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Web Design: The void between designer and programmer.

Designers and programmers have an almost completely overlapping client base, but the two professions lack communication, collaboration, and even comprehension. Why?

When I say programmer, I mean anyone from a legit software developer to a fresh-out-of-college fireball that knows nothing more than how to make a contact form send an email. When I say designer, I mean anyone from a professional graphic/web designer to a self-tought-tutorial-addict-freelancer. Programmers and designers try to please the same set of clients on a daily basis. But in todays “website as a faceplate” world, neither profession can offer a complete list of services to satisfy even the mildest small-to-mid-sized growing company.

The result is a spiderweb of outsourcing and virtual personas being displayed by companies in both fields, striving to meet clients' needs, and trying to appear capable even though they are not. Graphic design firms rarely hire programmers, and programming companies rarely hire designers. They would rather outsource than hire a full-time employee whose skills are only used on occasion, because most of their business is derived from their core services. This is part of the problem. Designers and Programmers work in different arenas more often than not.

Education Can Take Some Blame

First of all, Designers and Programmers, although (today) their client base is very similar, have almost no overlapping educational requirements at most universities, excluding Gen Ed. I speak from experience when I say that the word/s “programming” or “web applications” are hardly ever mentioned by a web design teacher, if mentioned at all. I'm almost certain the same goes for student programmers and learning about “Typography” or “Form and Negative Space.” – Correct me if I'm wrong.

The fact is, two professions that are forced by clients (“The real world”) to work together, get no preparation by the universities supplying the skilled workers. A designer doesn't need to know the skills of a programmer (and visa versa), but it would be nice if he/she were at the very least, prepped about the reasons programmers and designers need each other.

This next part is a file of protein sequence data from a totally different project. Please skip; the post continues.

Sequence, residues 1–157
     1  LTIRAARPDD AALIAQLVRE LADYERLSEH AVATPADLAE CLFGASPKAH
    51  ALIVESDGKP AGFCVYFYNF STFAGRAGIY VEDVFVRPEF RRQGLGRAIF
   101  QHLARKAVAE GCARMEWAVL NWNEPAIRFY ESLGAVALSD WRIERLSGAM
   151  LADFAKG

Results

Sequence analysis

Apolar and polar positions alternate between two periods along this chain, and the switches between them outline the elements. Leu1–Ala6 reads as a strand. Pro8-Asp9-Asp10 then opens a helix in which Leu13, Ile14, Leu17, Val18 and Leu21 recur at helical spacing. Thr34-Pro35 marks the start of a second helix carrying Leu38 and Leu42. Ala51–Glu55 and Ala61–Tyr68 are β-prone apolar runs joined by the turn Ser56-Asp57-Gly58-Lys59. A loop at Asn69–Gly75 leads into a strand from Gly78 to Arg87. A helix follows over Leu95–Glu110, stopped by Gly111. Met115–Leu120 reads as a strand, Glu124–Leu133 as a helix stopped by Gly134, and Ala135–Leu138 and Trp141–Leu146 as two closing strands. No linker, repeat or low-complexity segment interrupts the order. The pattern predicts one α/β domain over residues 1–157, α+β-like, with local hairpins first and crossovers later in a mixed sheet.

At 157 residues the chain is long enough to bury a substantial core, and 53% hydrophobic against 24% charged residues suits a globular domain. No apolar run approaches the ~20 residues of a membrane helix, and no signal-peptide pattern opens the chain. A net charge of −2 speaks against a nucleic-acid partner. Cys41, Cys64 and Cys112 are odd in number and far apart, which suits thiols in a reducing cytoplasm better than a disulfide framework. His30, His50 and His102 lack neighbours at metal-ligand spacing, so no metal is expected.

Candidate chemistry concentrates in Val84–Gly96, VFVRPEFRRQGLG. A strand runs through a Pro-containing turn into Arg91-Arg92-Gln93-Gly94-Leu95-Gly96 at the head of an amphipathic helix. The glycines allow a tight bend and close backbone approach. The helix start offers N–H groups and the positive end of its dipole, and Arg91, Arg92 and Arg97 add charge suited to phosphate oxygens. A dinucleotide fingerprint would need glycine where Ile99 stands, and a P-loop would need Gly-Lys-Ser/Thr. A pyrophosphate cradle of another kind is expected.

Two Different Animals

Programming and designing are two completely different animals, but together in harmony, can make a killer site or online app. The average web designer (This article refers to university-educated designers, but is meant to also refer to self taught professionals) starts off in college taking drawing classes as gen ed courses. And most universities require a series of Art History courses as well. Most University Art programs are hard-pressed to even recognize web design as an integral part of a designers education. Instead, Graphic Design majors are stuck learning the deeper meanings of Buddha hand gestures in paintings by somebody whose name you can't even pronounce, when all they want is to learn how to design for the web. Universities simply aren't embracing web design as it's own distinct sector of the degree structure. What I'm trying to say is, Art programs educating the web designers of tomorrow, are not educating web designers. They are trying to deny a focus on digital media as an art form. The Art world doesn't take much heed to the web, oh but they do like to play with flash.

On the other side of things, Programmers aren't taught much about design, or how to work with a designer. Do they teach basic Photoshop to programmers? Maybe, I don't really know. I do know that programmers are a different breed of web-problem-solvers than designers. Programmers learn about code, properties, values, keys, arrays, if, if else, else if, if what? Exactly. The very backbone of a simple contact form is completely and utterly alien to a graphic designer. You know, those people you outsourced to “skin” your php based website. They like to use the words “slices” a lot.

The demand is there and increasing every day, let's work together.

When working together across both the design and programming disciplines, the best results and happiest clients are directly related to how well the (sometimes deceptive) design/programming companies work together. The best way to move forward and stay ahead of the game is to find a reliable partner, be it programmer or designer, that is willing to wear your hat and even go to meetings with you when needed. Once you develop a relationship, which most do eventually, it's easy to get comfortable in your situation. This is one of the major reasons designers and programmers are so baffled by one another. No one interacts and shares knowledge, they just do their part and that's it. This isn't constructive enough to satisfy me, sorry.

Designers and programmers should be constantly looking into new ways to help each other out. And if you're a small and growing company and have the demand, hire someone to compliment your team. Your designers will learn 100 times more information from an on-board programmer than emailing an outsourced “friend.” The same goes for programmers. Having one Graphic Designer on board could save you thousands in outsourcing, and teach your team priceless information about the layout in front of the code, and how the scripts manipulate what the user sees. Website interfaces should be designed for usability and accessibility, and that involves both what you see, and the programming that powers it. Make an effort to understand your complimentary discipline.

I'm the editor-in-chief of Bittbox.com. I'm a designer and developer by day, and a writer and musician when the feeling strikes. I enjoy vintage advertisements and puzzles with an absurd amount of pieces. Follow me on Twitter.

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